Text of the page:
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Once I started down the path of segregating commands and queries, I soon enough ran into a few issues that I needed to solve.
- Identifying Commands & Events
- Correlating Commands & Events
- Idempotent Commands
- Idempotent Events
If you are familiar with CQRS, then you may have run into these issues as well. If you are not completely familiar with CQRS but have heard of it, to be clear, I’m not talking about Event Sourcing, Domain Driven Design, or having multiple data stores or any of the overly complex version people think it is.
I’m simply talking about splitting up incoming requests into commands and queries.
Starting with CQRS, CQRS is simply the creation of two objects where there was previously only one. The separation occurs based upon whether the methods are a command or a query (the same definition that is used by Meyer in Command and Query Separation, a command is any method that mutates state and a query is any method that returns a value). – Greg Young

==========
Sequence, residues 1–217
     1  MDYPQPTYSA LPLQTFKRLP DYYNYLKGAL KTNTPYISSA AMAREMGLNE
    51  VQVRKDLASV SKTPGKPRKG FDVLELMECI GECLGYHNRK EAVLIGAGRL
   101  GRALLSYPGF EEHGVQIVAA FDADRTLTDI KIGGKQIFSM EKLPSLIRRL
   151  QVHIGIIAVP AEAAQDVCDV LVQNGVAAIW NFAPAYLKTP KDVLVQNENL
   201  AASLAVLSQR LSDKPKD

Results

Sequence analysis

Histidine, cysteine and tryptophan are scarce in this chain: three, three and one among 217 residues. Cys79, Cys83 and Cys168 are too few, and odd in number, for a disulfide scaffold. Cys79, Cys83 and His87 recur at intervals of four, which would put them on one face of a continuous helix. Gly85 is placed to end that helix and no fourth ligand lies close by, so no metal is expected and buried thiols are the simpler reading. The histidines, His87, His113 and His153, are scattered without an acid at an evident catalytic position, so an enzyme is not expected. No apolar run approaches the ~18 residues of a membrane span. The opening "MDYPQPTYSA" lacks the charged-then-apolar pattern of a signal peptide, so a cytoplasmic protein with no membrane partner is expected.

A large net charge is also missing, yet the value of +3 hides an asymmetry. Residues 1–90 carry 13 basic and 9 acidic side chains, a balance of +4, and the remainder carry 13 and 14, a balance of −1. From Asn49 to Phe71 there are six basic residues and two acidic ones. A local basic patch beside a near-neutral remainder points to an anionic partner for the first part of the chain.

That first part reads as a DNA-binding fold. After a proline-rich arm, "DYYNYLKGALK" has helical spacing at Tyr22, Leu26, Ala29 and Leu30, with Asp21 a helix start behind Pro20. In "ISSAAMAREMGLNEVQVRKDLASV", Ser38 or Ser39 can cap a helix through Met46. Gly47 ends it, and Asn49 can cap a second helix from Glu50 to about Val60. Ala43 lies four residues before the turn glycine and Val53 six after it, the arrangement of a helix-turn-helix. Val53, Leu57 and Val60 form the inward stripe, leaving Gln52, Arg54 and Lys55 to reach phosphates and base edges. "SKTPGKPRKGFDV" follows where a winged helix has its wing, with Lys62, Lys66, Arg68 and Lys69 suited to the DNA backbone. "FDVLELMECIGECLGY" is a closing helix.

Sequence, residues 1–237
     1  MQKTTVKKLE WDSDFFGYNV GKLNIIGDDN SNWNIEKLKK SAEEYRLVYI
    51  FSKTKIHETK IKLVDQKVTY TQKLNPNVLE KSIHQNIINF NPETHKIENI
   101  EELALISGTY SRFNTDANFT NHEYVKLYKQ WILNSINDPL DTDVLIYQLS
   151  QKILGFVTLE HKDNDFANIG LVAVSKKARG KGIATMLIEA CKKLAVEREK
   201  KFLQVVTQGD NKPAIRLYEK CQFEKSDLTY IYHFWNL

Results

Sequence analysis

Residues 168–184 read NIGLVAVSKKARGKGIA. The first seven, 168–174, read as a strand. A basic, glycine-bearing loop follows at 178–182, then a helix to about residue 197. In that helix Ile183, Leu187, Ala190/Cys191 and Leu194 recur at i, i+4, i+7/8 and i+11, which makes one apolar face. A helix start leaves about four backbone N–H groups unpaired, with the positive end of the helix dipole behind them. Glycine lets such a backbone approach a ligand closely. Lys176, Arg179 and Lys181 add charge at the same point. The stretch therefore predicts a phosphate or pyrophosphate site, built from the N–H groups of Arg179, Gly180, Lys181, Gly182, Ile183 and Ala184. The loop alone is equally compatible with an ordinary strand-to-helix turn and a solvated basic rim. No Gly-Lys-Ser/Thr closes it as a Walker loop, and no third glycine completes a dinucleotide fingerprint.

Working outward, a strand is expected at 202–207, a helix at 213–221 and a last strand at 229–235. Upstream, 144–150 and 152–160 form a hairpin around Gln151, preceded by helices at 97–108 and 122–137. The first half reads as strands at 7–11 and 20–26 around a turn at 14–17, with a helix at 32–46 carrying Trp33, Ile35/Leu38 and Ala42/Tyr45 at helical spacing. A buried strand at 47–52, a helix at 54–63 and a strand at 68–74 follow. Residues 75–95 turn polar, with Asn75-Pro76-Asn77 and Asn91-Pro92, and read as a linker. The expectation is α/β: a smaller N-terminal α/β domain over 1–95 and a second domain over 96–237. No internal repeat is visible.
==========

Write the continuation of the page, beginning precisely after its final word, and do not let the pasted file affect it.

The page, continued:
Identifying Commands and Events
Since commands are simple objects that can be serialized. I often will log the inbound command if there is a failure in the command handler.
This is really helpful for debugging failed commands as I can view the failed commands and retry them in my development environment for troubleshooting.
But it doesn’t stop there.
If you are emitting Events from your Command Handlers or Domain, it is often helpful to keep track of which Command caused which Event.
In Microsoft’s Patterns & Practices CQRS Journey
, they created an Envelope<T>
to accomplish this.
For a simplified version we can accomplish this with:
If needed, we can now wrap our commands in an Envelope before sending to the mediator.
Correlating Commands & Events
Now since we have wrapped our inbound command in an Envelop that contains a MessageId, in our Handler when emitting events, we can now add the MessageId from the Command to the CorrelationId of the new Event.
Next I’ll look at how I can use the Envelope for creating idempotent commands that do not contain a natural way of doing so.
How about you?
Do you apply a similar pattern as well? I’d love to hear about other implementations or uses. Comment below or on twitter.